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forward to—a prospect that he can somewbat elevate his position in society; enlarge his sphere of usefulness, and at the same time increase the comforts of his family and himself : and that hope will give him the energy and industry to fit him for the higher and better position to which he then may look forward.
The defects in the present state of education may in a great measure be accounted for, by its being in a transition state. It should be remembered, that thirty years back, any system of general education for the great mass of the people was unknown. I think that it must be acknowledged that very much has been done, although there is no doubt much more remains to be effected. If we go on in anything like arithmetical progression, the improvement in the next thirty years will be great indeed.
The censure your correspondent passes so summarily upon committees is, I think, undeserved. Any interference upon the part of committees should be imputed to their zeal for what they may consider the better management of their schools. And perhaps we are apt to take offence, before any is meant. We are necessarily obliged to be rather despotic; in school our will is law, and we perhaps carry unintentionally, unknowingly, somewhat of the same feeling out of school, and think that fault is being found, when the intention is only to advise. I certainly have not found any proneness to interference on the part of committees, either with respect to the management of the school or the extent to which the education should be carried; their only condition being, what every one will acknowledge to be indispensable, that the education given should be based upon religion,-the religion of the Church of England.
I certainly think, that schoolmasters have frequently “improved their condition by teaching reading, writing, and arithmetic well.” It must be acknowledged, that these elements are indispensably necessary, and must, to a certain extent, be made standards of election ; for, however great the genius of the schoolmaster may be, unless he is thoroughly grounded in elementary knowledge, he must fail in the education of the young.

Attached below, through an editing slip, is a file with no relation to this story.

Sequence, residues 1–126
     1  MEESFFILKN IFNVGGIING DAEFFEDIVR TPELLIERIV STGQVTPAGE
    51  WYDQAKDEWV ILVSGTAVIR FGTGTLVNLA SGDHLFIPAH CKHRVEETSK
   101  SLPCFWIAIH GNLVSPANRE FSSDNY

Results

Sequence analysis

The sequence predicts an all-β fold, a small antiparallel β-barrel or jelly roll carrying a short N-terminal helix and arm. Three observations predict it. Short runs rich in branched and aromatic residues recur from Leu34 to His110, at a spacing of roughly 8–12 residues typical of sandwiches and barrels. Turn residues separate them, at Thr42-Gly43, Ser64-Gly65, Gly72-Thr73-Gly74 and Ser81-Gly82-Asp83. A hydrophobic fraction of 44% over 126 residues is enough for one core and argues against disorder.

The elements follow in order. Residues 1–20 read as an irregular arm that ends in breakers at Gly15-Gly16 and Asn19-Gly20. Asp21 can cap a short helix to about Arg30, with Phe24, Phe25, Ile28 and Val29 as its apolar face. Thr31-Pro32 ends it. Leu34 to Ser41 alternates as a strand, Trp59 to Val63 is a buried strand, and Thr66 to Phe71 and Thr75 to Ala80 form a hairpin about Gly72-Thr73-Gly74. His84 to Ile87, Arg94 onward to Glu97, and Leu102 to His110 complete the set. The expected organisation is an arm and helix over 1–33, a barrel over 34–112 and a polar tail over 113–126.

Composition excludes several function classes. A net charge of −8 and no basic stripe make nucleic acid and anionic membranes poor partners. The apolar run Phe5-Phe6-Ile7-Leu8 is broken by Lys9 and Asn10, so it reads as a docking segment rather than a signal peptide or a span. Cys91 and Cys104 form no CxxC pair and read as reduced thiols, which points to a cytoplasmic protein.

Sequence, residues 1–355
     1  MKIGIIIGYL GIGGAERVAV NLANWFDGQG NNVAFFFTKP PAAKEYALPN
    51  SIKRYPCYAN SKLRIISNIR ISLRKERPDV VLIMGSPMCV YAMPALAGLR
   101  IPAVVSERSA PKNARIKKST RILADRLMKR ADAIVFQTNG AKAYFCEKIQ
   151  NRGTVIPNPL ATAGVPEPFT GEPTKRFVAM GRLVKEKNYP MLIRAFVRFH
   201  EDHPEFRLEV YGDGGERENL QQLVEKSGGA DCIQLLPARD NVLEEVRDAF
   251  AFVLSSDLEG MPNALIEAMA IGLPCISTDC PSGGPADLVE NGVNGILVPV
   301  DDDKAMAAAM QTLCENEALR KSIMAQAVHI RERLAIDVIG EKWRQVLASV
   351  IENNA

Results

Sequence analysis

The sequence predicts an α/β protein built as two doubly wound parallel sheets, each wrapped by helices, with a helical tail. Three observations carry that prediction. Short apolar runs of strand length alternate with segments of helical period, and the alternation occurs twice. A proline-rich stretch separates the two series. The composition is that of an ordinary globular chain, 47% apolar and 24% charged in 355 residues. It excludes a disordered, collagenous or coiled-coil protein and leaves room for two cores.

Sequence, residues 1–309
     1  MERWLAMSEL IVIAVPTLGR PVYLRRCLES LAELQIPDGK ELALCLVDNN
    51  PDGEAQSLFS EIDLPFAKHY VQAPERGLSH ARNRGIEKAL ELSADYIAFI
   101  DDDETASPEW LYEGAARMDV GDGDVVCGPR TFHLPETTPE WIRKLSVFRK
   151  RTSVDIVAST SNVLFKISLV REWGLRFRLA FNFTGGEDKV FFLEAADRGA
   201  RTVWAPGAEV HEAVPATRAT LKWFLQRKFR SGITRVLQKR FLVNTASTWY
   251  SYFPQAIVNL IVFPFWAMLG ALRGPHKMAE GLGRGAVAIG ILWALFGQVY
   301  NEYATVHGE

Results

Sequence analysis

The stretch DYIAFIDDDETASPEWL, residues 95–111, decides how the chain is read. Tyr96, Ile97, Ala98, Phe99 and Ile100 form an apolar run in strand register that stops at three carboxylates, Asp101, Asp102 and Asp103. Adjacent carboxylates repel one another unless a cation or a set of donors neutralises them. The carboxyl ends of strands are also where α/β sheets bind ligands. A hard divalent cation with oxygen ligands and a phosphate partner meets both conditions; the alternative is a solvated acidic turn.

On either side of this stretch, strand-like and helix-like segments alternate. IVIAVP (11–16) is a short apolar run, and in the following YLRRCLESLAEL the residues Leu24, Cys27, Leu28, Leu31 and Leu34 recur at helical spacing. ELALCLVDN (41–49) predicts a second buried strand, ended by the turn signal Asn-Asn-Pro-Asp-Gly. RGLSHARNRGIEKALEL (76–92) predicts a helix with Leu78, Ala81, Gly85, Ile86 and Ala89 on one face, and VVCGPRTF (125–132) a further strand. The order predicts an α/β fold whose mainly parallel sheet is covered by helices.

The treatment of schoolmasters may not be all that they wish, or that they deserve ; but it will generally depend in a chief measure upon their deserts-upon their conduct and deportment in school, and out of school--in fact, upon the efficient fulfilment of their duties, both public and private. The respect that we pay to our commit. tees and subscribers, will in some measure be returned from them to us.
Venturing to indulge the hope, that “ Presbyter's Plea for the Admission of certain Schoolmasters into Holy Orders,” will not be entirely lost sight of; or, rather, that it will be well discussed in all its various bearings upon the church, the school-room, and the population at large, especially the middle classes, and that it may lead in good time to some practical result.
I have the honour to be, Rev. Sir,
Your most Obedient Servant, Nov. 17th, 1843.
A SURREY NATIONAL SCHOOLMASTER.
A PRACTICAL HINT OR TWO TO SPONSORS.
DEAR SIR,—Your Magazine is designed to be a medium of communication for all who are engaged in the work of education, among whom you justly enumerate the numerous, but I fear negligent, class of sponsors.
I am sorry that you have hitherto neglected to remind sponsors of their office, unless their attention has been called to it by the title page, and I forward a few observations, which may perhaps rescue your first volume from the charge of overlooking this important subject.
What, Sir, is the general manner in which sponsors attempt to fulfil the solemn charge which the church has given them, namely, to see that the child for whom they have answered at the font, “ be virtuously brought up to lead a godly and a christian life.”